Another good chiptune artist is Spamtron. Give his work a listen as well if you liked HH and Sabrepulse. DPAD was a full album and an EP for some reason; Crunchyco took the EP off their site, but I uploaded it here. Those extra four songs are worth it.

E. S. Posthumus: Modern classical music with a cinematic style. The band's work is astounding and has a tremendous impact. Though most I talk to don't recognize the name, their work has appeared in all sorts of places, like news programs, ESPN during the Superbowl, movie trailers and more. It's worth much more than that, however. The group's talent is undeniable.

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Kalki The fantastic album opener.
Unstoppable Possibly the most invigorating music I've ever heard. And I'm so glad a high-def stream is available for this album.
Lavanya This track has fantastic atmosphere and is definitely one of my favorites on the album. It's completely unrelated, but reminds me a lot of Nobuo Uematsu's work on the soundtrack for Final Fantasy X.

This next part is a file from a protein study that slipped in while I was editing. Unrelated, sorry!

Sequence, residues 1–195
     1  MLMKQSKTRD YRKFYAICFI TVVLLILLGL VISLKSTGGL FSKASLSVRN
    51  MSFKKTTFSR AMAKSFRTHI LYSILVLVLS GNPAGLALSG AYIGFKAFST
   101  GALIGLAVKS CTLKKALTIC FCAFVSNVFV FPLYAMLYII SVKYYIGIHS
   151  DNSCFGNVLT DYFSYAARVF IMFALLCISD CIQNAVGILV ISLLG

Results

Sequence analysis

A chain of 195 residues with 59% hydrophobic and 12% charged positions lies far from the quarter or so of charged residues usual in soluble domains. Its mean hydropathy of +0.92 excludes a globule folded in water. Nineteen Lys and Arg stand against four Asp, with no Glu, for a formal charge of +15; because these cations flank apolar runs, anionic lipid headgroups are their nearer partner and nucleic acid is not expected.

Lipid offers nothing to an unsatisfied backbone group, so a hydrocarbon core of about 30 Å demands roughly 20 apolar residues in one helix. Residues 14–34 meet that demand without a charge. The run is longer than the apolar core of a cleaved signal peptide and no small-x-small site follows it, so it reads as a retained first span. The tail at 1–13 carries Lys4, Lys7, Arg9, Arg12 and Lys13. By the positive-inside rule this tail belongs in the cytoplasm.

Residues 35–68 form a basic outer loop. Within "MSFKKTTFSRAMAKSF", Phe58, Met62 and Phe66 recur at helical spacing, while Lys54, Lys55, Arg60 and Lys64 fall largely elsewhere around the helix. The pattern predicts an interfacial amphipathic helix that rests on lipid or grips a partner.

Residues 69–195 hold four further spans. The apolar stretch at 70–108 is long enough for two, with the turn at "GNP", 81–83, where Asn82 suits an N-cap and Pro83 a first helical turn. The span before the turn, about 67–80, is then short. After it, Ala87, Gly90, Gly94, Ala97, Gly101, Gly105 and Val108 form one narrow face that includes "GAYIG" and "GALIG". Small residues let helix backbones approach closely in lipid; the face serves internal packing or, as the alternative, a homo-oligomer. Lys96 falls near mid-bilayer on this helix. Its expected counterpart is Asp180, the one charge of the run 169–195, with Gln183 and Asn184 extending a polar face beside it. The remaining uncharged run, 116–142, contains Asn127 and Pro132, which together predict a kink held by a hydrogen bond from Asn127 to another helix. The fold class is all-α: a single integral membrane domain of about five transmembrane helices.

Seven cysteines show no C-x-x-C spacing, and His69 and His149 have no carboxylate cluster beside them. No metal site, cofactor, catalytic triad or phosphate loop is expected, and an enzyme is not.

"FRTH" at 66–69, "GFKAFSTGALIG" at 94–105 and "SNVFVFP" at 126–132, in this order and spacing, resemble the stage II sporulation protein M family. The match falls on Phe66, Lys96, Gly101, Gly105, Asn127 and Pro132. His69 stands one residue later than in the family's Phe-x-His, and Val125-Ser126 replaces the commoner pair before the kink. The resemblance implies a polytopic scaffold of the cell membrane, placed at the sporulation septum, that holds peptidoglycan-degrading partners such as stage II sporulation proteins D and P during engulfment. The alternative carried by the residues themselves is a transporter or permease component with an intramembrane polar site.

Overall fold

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Gui Boratto: Gui Boratto's work is relatively simple electronic music; it's not particularly mind-blowing if you've already a fan of the genre, but it's very vivid and a great gateway drug for newcomers. Just give No Turning Back a listen; it's definitely the best thing he has recorded. Then give the whole album (Take My Breath Away) a listen because the entire thing is brilliant. If you've never really understood the appeal of electronic music or weren't sure how to get into it, start here.

The OneUps: The most fascinating of VGM cover bands. I'm not even sure I want to call them that, because what they do goes far beyond simple cover work, reimagining familiar tunes into breathtaking musical pieces. The OneUps are some of the most versatile musicians I've ever heard, able to play everything from jazz to hip hop, and even a super-crisp heavy metal rendition of Bowser's Theme from Super Mario 64. You can find the group's entire work on their Bandcamp site. Some very impressive tracks are Aquatic Ambience and Schala's Theme from Vol. 1 (or that entire album, really), Ghost Valley, Battle Mode and Rainbow Road from the Super Mario Kart LP, Sagat's theme and the Metroid track from Vol. 2. . . hell, all of it. Their work is just damn smart. They do such an amazing job and have singlehandedly broke through every bad stereotype of both VGM and poor cover bands. Everything they make stands entirely on its own, abandoning any need for the listener to recognize the source material. I absolutely love them.